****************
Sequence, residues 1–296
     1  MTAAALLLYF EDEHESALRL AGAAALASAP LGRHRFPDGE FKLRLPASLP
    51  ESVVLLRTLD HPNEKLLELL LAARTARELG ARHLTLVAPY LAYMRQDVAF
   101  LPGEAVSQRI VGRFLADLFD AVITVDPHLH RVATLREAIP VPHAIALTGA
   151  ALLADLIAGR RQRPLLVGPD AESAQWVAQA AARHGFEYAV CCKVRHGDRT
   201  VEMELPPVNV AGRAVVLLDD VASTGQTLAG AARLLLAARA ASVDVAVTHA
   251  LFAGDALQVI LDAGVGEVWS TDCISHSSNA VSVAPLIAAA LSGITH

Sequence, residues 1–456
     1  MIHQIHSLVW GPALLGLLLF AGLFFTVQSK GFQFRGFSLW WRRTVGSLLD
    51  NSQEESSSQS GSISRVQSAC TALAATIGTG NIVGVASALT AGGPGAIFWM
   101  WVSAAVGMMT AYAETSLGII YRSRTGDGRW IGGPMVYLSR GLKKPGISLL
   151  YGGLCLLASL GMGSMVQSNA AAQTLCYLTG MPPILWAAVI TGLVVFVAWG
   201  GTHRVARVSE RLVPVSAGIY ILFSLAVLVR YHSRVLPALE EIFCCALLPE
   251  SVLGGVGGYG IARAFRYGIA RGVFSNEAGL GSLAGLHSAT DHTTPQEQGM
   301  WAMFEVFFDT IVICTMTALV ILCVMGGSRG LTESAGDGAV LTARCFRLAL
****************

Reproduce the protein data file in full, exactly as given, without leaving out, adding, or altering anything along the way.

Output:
Sequence, residues 1–296
     1  MTAAALLLYF EDEHESALRL AGAAALASAP LGRHRFPDGE FKLRLPASLP
    51  ESVVLLRTLD HPNEKLLELL LAARTARELG ARHLTLVAPY LAYMRQDVAF
   101  LPGEAVSQRI VGRFLADLFD AVITVDPHLH RVATLREAIP VPHAIALTGA
   151  ALLADLIAGR RQRPLLVGPD AESAQWVAQA AARHGFEYAV CCKVRHGDRT
   201  VEMELPPVNV AGRAVVLLDD VASTGQTLAG AARLLLAARA ASVDVAVTHA
   251  LFAGDALQVI LDAGVGEVWS TDCISHSSNA VSVAPLIAAA LSGITH

Sequence, residues 1–456
     1  MIHQIHSLVW GPALLGLLLF AGLFFTVQSK GFQFRGFSLW WRRTVGSLLD
    51  NSQEESSSQS GSISRVQSAC TALAATIGTG NIVGVASALT AGGPGAIFWM
   101  WVSAAVGMMT AYAETSLGII YRSRTGDGRW IGGPMVYLSR GLKKPGISLL
   151  YGGLCLLASL GMGSMVQSNA AAQTLCYLTG MPPILWAAVI TGLVVFVAWG
   201  GTHRVARVSE RLVPVSAGIY ILFSLAVLVR YHSRVLPALE EIFCCALLPE
   251  SVLGGVGGYG IARAFRYGIA RGVFSNEAGL GSLAGLHSAT DHTTPQEQGM
   301  WAMFEVFFDT IVICTMTALV ILCVMGGSRG LTESAGDGAV LTARCFRLAL